Friday, October 1, 2004

Concrete Countertop

We poured our concrete kitchen countertop in place and colored it with acid stain. My friend and craftsman Tyson checked it out and took it a step further by pouring his in forms with colored aggregate, fossils, etc., and polishing them so they look like rare stone.

Ours looks like concrete ... the concrete guy I helped pour it wanted to fill some of the edge porosity and grind off some roughness, but I wanted it to look like concrete. I figured why try to fake it? With the stain it looks a lot like old stone and reminds me of some old and constantly wetted concrete I saw in the Carribean. I still run my hand on it and marvel at the variations in the surface colors and texture.

We used a gravel roof drip edge to form the front overhang and poured the little backsplash riser in place. I wouldn't pour the backsplash in place again as the concrete kept slumping out of the form. It does make for a good seal to the countertop though.

It's about 44 linear feet and 1-5/8 thick in-field ( looks like 2-1/2 in thick because the edges are thicker) .... it was a lot of concrete (hand mixed onsite in buckets) and an unbelievable mess!

The sink is not actually underhung - it's a 'normal' sink we poured concrete around the edges of. If it ever has to come out..... I shudder to think.

The fossil detail was a last second idea created by putting a silk leaf in the form.

The island has a drop down vent that comes up from behind the burners. A ceiling vent would be better ... this one pulls heat from the burners. I had the Stainless top made from my plywood template and it came out real well - it overhangs in the back and we use it with tall barstools.

Friday, August 20, 2004

August so far

Jake and I have been having some good flying. We went up to the Kahiltna a couple nights ago and landed up near the glacier - real nice spot. I'd never been in the Kahiltna river valley before. Looked like several good landing spots. You can't see it in the photo, but there was a good view of McKinley and I think Foraker? It was overcast up the Kahiltna, but we came back over Skwentna and down the Susitna valley and it was clear, calm and beautiful.
Yesterday we went over to Olson Creek on the Beluga and it was full of silvers. The strip was really rough and it was a long walk (I had to carry Jake across 2 sloughs), and I had to scare off a bear with my .44 but no one else was there and it was full of fish. The bear was weird - I've had them come towards me until they realized what I was and they bolt, but this one was just watching us. We heard a lot of splashing getting to the fishing hole, and I suspected it was a bear so we made a lot of noise and went the long way around so we wouldn't come up on it suddenly. We were yelling so it must have heard us, but it just stared at me until I shot twice near it with the .44. Which I've never shot without earplugs before and my ears rang all day. It's a lot louder than my other one - I think because it's magnaported. Anyway, even then he just ambled off, didn't seem really frightened at all or like he'd had the bad human interaction experience I wanted. I was a little tense for the rest of the time (because I wasn't sure I could outrun Jake in hipboots!), but figured I'd never heard of a brown bear sneaking back up on you after you chased it off. It didn't take long anyway to limit out and I took them back down to the strip to clean out in the open.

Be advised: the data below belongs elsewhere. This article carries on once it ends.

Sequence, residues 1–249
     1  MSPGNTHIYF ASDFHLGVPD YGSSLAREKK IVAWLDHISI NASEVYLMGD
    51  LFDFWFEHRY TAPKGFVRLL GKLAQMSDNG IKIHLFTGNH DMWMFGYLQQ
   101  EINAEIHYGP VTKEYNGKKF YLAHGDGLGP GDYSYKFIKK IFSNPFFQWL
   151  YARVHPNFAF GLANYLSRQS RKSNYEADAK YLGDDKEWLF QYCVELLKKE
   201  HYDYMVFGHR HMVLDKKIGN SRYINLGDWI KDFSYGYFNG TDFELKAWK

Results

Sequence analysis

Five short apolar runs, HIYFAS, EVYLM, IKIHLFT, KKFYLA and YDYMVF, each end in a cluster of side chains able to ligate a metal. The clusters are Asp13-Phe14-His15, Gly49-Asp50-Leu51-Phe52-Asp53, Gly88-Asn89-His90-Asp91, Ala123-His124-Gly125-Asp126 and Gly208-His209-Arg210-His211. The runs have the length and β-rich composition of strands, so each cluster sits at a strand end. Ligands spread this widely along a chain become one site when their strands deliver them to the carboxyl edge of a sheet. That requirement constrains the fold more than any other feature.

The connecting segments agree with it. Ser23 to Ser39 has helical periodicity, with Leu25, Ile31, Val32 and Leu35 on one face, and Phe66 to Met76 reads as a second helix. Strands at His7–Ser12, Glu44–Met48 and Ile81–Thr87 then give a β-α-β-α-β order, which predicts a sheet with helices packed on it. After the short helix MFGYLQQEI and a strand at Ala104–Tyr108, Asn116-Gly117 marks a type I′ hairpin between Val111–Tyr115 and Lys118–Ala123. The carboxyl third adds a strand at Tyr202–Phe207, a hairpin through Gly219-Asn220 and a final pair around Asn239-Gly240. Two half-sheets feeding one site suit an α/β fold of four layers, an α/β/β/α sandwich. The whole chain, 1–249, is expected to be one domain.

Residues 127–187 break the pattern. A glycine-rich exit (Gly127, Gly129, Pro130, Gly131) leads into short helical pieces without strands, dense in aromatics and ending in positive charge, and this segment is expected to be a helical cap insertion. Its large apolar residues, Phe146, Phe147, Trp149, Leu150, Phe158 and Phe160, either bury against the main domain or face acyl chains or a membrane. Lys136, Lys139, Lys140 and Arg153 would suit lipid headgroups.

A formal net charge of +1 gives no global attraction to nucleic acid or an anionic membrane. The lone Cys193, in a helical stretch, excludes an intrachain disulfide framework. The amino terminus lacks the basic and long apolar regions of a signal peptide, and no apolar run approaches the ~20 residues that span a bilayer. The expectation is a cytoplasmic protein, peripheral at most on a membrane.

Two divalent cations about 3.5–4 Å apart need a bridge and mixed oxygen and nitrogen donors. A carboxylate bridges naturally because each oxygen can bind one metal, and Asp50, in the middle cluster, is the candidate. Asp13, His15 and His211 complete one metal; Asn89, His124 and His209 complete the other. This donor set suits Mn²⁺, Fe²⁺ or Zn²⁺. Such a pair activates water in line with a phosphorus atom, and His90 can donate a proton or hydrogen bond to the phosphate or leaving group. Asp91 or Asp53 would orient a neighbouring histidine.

Today we went over to the Kustatan and it was slow but Jake limited on some really nice ones and a little Dollie Varden. I only hooked and lost one... which I'm hearing about from Mr. superfisherman. There's been a bear around there intimidating the fisherman and taking their fish, so I took my .375, but of course we didn't even see any bears - not even flying back. There were three other planes when I got there - one guy I worked with, and two I knew through my Uncle. Small world. We saw some Beluga whales on the way down, and flew up next to Mt Spurr (volcano) then real low down the Beluga river on the way back - really pretty trip.
A friend just happened to be at the Kustatan and took this shot of us landing....


Sunday, August 15, 2004

Denali sightseeing

A few days ago Jake and I made a trip I've wanted to try for a long